What to Do After a House Fire?

Home fires are terrifying, and property damage is a huge burden. Unfortunately, over 358,500 U.S. homes experience a house fire yearly, leading to an estimated 2000 injuries and 4000 deaths, and thousands of dollars in property damage. Homeowners must know what they should do after a house fire.

No one can guard against all tragedies, but you can prepare. Disaster preparedness will help you to identify the proper insurance protection for your needs, then provide tips for minimizing the potential long-term adverse effects by using fire restoration services in Seattle area. Read to learn what to do after a house fire.

Call for Help

Call 911 and alert them of your house fire. You must try to evacuate a burning building or residence and summon emergency services. When emergency personnel arrives, they’ll prioritize the well-being of the household’s occupants above all else. After that, they’ll focus on rescuing the house itself.

Contact Your Insurance Company

Contact your insurance company and let them know about the fire. They will provide information about what your policy covers, how much it will cost to repair or replace your home, and other details.

In addition, ask if there are any steps you need to take—that way, you can get back on track quickly. You may need to file a claim or provide receipts for losses sustained in the fire.

Stay Calm

It’s easy to get overwhelmed by house fire damage, but it’s important not to let that overwhelm take over. Stay focused on getting through the immediate crisis so that you can focus on what comes next.

Stay Somewhere Else

If you’ve had a fire, smoke and toxic gases in your home may cause serious health problems. It is dangerous if you have breathing problems like asthma or allergies. Some people also have an increased risk of a heart attack after a fire because of stress or anxiety.

Even if you don’t have these problems, staying home can cause stress and anxiety, leading to health problems later. Find somewhere else to stay until a professional inspector clears the house. He will direct if the place is safe for habitation or if any structural damage issues need addressing before moving back.

Secure the Property

After they extinguish the fire, secure your property:

  • Ensure all entry points are locked, and all windows are closed. 
  • Hire a professional security company on-site to watch over your property while you are away. Ensure that they have been vetted and have references.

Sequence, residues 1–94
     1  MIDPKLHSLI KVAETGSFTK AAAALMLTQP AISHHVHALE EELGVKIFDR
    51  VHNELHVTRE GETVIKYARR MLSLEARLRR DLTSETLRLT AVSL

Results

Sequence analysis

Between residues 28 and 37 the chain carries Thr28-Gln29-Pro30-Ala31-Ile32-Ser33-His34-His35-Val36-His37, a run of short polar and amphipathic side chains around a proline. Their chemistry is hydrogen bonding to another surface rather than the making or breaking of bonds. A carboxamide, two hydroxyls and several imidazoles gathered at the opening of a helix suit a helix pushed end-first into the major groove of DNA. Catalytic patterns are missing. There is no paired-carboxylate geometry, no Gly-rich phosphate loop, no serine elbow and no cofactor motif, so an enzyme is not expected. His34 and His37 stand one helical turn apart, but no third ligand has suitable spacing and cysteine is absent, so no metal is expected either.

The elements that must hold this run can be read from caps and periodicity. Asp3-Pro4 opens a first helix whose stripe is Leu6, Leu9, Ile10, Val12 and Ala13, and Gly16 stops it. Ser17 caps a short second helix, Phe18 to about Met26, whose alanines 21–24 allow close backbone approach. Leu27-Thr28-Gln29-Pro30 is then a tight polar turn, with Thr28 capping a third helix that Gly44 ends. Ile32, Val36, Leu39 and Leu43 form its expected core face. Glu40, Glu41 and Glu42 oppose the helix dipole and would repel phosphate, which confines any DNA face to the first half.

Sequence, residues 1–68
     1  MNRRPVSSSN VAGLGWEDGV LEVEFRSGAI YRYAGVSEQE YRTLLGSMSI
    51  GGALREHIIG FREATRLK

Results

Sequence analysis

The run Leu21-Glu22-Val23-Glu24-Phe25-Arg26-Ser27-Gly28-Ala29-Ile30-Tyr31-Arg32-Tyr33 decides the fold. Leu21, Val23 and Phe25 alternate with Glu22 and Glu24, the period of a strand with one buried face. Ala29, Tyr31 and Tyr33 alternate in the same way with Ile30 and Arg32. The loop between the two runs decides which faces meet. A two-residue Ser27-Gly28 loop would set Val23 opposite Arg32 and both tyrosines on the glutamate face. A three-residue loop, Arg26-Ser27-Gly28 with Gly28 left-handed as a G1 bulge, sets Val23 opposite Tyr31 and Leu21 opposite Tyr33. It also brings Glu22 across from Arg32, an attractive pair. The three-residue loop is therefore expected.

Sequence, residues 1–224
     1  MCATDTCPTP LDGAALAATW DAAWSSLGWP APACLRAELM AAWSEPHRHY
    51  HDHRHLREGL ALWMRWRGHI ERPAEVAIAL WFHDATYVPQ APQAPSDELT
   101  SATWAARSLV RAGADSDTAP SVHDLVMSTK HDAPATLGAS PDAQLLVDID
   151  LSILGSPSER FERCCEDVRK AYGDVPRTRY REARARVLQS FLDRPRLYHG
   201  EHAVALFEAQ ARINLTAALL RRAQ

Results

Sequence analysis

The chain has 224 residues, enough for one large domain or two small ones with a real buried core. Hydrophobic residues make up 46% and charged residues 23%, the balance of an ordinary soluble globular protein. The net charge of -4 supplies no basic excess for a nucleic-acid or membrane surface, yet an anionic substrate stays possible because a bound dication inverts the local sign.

• Install an alarm system with a monitoring service. It will alert you if there is suspicious activity within your home.
  • Install surveillance cameras around the perimeter of your property, which may deter intruders from entering in the first place.
  • Consult your insurance company, and they will advise.
  • Inquire if the police can protect your property.

Call Restoration Company

Restoration can help with everything from cleaning up debris and salvaging belongings to replacing damaged walls and ceilings, repairing smoke damage, and more. 

Take Inventory of Damaged Items

Take pictures; these photos should show everything that has been damaged and taken from different angles. This way, you can review how extensive the damage to your house is later on when you’ve had time to think about it.

It’s also helpful to list all the things damaged by smoke or fire (or both). Don’t throw damaged items until you’ve spoken with an insurance company representative. They may tell you it’s okay to dispose of certain items immediately, but others might require further evaluation before they are disposed of safely. 

Leave Fire Damage Cleanup to Experts

If you’ve experienced a house fire, it’s essential to understand that cleaning up the damage will take more than a simple mop and bucket. Sure, you can make a dent by scrubbing walls yourself and tossing out your burnt belongings, but there are other areas of concern that require the help of professionals.

For example, if your home smells like smoke or soot after a fire in your chimney or kitchen—or any other part of your home —you should call an expert to remove all traces before attempting cleanup on your own. 

Proper planning and preparation may reduce damage and ease the recovery process in the event of a fire in your home. In addition to calling your insurance company, start by making an inventory of everything in the house. Include all personal items, appliances, building materials, and any expensive or irreplaceable items. Nothing may be left, but you can limit the damage and start rebuilding your life.

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